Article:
Skin microbiome bacteria enriched following long sun exposure can reduce oxidative damage

Nurit Harel, Navit Ogen-Shtern, Leah Reshef, Dvora Biran, Eliora Z. Ron*, Uri Gophna

*Corresponding author for this work

Research output: Contribution to journalArticlepeer-review

2 Scopus citations


Sun exposure is harmful to the skin and increases the risk of skin aging and skin cancer. Here we examined the effects of daily exposure to sun radiation on the skin microbiome in order to determine whether skim microbiome bacteria can contribute to protection from solar damage. Skin swabs were collected from ten lifeguards before and after the summer to analyse the skin microbiome. The results indicate that specific skin microbiome bacteria were enriched following the seasonal sun exposure. Especially interesting were two bacterial families - Sphingomonas and Erythrobacteraceae – which may have the ability to protect against UV radiation as they produce potentially protective compounds. We concentrated on a Sphingomonas strain and could show that it was highly resistant to UV irradiation and was able to reduce reactive oxygen species levels in human keratinocytes. These results provide a proof-of-concept for the role of the skin microbiome in protection from solar radiation.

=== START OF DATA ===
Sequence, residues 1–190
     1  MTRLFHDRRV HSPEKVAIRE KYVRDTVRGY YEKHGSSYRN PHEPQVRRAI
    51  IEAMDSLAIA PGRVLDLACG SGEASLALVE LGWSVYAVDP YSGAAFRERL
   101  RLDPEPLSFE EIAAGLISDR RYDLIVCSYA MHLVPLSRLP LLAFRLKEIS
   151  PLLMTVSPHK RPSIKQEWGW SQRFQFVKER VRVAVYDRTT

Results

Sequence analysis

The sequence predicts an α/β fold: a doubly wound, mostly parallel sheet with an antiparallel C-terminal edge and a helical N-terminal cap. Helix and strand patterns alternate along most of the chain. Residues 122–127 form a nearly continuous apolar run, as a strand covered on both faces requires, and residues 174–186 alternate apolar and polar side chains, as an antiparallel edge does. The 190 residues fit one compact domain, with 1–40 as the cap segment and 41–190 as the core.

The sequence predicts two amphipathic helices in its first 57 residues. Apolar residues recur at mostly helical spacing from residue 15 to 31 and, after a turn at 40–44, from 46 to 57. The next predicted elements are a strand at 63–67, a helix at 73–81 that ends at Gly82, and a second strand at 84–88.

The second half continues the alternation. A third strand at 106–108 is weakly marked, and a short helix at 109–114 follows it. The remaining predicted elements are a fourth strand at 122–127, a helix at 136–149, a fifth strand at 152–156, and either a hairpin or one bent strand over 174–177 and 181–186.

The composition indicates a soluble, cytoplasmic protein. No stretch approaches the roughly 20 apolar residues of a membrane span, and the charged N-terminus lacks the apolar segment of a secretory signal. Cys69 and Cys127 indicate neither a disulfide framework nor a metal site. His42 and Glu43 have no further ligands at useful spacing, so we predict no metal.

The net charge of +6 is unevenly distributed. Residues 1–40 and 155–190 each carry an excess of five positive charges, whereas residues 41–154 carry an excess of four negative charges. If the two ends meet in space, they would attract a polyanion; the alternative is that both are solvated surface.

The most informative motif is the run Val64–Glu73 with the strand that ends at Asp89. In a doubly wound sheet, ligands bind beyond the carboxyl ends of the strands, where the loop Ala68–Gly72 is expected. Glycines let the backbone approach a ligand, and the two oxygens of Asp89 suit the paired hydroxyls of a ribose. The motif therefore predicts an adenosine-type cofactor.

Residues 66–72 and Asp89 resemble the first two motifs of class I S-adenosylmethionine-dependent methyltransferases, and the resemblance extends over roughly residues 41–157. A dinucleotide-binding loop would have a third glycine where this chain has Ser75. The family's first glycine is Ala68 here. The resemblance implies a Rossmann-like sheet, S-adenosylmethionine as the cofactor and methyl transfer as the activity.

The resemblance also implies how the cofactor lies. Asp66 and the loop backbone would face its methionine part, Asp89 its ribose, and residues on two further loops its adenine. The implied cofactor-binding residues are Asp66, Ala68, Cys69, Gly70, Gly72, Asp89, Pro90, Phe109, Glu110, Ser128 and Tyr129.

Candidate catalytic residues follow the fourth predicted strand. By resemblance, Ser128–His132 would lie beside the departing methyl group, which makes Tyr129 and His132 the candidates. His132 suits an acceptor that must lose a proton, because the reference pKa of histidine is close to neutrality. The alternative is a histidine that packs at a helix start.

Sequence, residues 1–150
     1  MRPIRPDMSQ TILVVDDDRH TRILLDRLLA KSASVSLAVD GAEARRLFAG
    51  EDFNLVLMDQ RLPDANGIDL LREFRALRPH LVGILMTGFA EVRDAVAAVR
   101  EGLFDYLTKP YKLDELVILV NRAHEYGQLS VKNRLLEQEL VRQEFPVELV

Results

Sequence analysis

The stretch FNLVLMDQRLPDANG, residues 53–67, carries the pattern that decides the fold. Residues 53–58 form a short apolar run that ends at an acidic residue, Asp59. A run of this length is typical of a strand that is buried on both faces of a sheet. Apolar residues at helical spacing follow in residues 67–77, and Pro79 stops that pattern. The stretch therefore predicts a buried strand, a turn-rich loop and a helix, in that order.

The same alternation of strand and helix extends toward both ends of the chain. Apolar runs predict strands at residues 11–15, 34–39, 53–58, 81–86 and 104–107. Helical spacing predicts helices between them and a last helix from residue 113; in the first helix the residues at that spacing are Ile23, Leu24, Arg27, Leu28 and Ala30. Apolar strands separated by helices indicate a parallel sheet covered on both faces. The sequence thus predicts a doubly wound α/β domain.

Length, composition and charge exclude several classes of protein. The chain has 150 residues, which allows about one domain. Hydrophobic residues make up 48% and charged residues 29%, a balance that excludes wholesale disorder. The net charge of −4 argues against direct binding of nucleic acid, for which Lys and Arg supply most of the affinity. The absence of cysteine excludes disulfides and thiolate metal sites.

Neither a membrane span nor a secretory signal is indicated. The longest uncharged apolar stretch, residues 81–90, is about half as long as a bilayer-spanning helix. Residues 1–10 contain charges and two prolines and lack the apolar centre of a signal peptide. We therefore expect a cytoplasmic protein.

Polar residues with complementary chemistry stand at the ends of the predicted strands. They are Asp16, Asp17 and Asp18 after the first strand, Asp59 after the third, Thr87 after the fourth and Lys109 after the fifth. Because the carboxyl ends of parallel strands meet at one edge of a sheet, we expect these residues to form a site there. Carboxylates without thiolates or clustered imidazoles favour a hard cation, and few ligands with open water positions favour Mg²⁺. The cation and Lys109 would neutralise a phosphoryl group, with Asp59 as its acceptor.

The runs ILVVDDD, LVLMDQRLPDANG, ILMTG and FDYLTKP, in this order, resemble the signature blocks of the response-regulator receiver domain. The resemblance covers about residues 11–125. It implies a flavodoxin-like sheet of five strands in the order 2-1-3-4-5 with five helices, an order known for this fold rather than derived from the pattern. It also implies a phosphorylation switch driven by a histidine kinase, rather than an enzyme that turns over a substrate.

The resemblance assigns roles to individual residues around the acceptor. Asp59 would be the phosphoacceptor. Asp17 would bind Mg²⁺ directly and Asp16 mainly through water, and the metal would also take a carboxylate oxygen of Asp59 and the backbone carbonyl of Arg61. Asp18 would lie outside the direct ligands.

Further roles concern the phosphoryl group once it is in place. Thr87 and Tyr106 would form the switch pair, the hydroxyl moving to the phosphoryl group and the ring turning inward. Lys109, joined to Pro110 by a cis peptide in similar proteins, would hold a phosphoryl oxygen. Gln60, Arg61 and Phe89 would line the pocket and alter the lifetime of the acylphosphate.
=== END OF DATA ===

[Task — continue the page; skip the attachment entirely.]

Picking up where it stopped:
Original languageEnglish
Article number104138
JournalResearch in Microbiology
Issue number8
StatePublished - 1 Nov 2023


FundersFunder number
Dead Sea Research Center of Tel Aviv University
ICA Israel and Tamar regional municipality
Porter family


    • Reactive oxygen species (ROS)
    • Skin health
    • Skin microbiome
    • Sun protection
    • Sun radiation
    • UV radiation


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